Equaliser strives to do just that. The Leeds collective are amplifying the talent of local queer, non-binary and identifying-female DJs whilst simultaneously providing workshops to encourage those who want to pursue DJing. Speaking to The Gryphon in November, Equaliser expressed their ambition to “create a free knowledge transfer from women to women, so hopefully in the future there will be cohorts of women who know how to DJ and can pass that on to other women.” Breaking down barriers and partying towards equity and equality, Equaliser have swiftly become an essential part of the Leeds music scene through their monthly DJ workshops and parties.

Similarly, in London, DJ collective SIREN are creating spaces that are free from sexual harassment and misogyny through their inclusive club nights that facilitate their policy of “no bullshit, just dancing.” Made up of nine female-identifying DJs and producers, SIREN are tackling the toxic homogeneity and harassment that riddles London’s electronic music scene with all-female line-ups and features. Making up for all of the missed opportunities for underrepresented artists, their parties spotlight underappreciated talent and highlight that there are plenty of positive and empowering role models for women in the DJ scene. Likewise, in Brooklyn and New York, Discwoman is a collective, platform and booking agency hosting parties worldwide, amplifying the talent and work of trans women, cis women and genderqueer artists, and striving towards true representation within the electronic music industry.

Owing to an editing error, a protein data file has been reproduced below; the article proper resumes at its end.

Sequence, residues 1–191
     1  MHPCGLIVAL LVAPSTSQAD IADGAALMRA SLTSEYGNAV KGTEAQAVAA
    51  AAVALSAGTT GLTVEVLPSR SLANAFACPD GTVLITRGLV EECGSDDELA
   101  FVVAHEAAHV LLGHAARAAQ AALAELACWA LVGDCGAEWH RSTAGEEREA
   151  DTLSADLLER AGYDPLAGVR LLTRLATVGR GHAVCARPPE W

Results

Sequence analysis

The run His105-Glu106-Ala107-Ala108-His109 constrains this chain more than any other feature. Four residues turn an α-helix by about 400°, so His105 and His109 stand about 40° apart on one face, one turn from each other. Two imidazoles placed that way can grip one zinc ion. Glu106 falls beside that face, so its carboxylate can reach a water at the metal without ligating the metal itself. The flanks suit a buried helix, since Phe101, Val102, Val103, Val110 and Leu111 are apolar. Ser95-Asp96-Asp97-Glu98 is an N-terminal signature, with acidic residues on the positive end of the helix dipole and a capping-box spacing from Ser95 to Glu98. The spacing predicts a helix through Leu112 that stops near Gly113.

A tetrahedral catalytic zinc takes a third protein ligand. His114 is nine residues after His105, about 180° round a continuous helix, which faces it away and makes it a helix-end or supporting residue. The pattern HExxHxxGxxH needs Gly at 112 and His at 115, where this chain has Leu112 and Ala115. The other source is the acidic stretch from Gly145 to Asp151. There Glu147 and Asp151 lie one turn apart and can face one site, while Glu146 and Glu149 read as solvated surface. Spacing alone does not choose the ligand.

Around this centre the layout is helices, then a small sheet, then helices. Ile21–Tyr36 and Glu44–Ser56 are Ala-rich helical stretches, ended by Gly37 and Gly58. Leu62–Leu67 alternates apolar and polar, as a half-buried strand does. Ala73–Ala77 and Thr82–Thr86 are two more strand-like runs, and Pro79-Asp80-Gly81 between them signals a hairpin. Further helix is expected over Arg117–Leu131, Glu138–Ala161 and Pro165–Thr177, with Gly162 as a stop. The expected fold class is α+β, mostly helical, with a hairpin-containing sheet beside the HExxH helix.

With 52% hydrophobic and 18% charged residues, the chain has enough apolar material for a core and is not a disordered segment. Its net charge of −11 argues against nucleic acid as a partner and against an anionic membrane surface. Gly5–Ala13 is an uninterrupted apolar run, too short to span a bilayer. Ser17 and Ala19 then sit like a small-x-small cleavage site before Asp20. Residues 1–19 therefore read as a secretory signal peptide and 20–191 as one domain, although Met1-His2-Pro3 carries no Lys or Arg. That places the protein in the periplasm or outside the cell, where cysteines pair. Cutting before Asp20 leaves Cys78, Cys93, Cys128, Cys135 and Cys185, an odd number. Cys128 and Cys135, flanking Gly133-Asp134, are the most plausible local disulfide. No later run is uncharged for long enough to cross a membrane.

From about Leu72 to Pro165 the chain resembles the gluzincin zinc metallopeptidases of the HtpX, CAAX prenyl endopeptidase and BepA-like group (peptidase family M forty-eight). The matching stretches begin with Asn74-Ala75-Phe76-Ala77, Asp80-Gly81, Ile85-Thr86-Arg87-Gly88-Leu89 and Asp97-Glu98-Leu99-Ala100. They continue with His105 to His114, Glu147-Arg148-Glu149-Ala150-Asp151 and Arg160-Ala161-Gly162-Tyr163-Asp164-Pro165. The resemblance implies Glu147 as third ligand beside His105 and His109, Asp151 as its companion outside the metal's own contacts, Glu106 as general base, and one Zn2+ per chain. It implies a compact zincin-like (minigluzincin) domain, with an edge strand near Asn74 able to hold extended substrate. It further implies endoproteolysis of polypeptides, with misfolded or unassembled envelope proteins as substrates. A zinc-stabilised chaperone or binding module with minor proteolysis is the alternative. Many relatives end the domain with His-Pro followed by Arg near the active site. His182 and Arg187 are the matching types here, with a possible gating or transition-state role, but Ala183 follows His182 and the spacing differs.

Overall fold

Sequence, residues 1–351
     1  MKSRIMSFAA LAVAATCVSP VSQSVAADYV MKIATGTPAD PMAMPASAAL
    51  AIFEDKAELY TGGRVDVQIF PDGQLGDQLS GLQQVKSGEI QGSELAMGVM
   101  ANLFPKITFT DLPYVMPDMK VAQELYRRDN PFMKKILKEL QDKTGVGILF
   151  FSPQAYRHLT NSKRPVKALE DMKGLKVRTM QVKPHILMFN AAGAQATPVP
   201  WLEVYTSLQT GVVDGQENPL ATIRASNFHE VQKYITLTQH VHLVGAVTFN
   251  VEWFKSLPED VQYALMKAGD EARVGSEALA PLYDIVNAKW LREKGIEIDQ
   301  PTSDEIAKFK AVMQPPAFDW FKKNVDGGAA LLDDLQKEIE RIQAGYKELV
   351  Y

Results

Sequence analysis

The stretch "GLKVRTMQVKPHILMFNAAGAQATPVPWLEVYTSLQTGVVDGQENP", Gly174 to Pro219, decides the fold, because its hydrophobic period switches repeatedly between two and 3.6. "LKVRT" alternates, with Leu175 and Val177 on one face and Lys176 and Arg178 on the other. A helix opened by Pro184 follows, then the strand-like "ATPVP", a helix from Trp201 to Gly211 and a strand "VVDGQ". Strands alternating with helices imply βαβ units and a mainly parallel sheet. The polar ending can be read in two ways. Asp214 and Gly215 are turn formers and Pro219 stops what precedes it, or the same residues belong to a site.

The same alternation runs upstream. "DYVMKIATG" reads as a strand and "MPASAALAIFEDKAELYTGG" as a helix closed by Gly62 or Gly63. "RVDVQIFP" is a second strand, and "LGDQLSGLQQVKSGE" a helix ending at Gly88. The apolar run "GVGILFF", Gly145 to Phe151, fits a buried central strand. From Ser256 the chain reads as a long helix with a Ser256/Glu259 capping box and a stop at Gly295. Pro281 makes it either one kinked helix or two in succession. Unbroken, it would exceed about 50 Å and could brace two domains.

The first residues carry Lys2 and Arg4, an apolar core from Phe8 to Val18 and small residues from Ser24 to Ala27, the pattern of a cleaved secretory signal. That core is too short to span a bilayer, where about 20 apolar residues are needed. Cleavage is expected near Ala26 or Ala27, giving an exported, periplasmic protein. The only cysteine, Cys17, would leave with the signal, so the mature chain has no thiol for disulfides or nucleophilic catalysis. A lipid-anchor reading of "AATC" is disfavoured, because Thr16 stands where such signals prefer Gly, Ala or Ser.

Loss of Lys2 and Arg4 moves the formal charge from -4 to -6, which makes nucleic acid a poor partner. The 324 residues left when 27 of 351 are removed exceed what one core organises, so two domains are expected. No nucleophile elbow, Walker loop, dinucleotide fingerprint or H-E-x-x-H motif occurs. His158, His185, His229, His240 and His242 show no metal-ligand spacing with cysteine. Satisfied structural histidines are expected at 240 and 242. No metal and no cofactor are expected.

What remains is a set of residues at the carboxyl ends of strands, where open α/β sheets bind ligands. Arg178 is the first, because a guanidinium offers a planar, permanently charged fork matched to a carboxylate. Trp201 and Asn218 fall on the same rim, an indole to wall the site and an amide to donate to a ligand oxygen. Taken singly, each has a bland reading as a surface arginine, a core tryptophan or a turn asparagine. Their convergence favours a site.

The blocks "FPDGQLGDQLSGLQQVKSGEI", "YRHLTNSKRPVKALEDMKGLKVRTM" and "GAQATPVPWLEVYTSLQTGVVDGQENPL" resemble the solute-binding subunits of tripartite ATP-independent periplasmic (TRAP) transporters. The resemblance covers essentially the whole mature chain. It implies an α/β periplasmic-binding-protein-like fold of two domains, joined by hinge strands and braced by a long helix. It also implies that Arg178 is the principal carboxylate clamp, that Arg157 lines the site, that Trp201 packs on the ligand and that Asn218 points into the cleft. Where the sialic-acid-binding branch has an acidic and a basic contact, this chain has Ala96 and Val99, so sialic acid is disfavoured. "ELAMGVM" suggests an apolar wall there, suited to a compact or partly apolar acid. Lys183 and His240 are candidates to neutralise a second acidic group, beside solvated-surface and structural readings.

Representation within any industry or scene is crucial, for if people don’t see themselves being represented, they’re going to be discouraged to pursue seemingly unblazed paths. In recent years, conversations concerning the representation of women in music have been louder than ever, bringing with it projects to highlight women in the industry.  Spotlighting female producers, DJs and sound engineers, international collective female:pressure have created a database that catalogues the Soundclouds and websites of music women worldwide. 

This is not saying that men in electronic music should step aside, but rather stand shoulder to shoulder with women in solidarity towards equity and equality. The epitome of this is Brutaż, the Polish party series and label who commemorate techno and experimental electronic music through inclusive showcase events. Founded by two women and three men, Brutaż host parties that feature established underground DJs alongside newcomers in a celebration of inclusion and empowerment.  

When the clubbing scene is so often plagued with harassment, misogyny and hierarchy, platforms like these are vital in creating safe spaces and levelling the industry’s evident gender divide. Without any doubt, the future of electronic music is inclusive.

Meg Firth

Featured image credits: Chulita Vinyl Club by Shelley Haim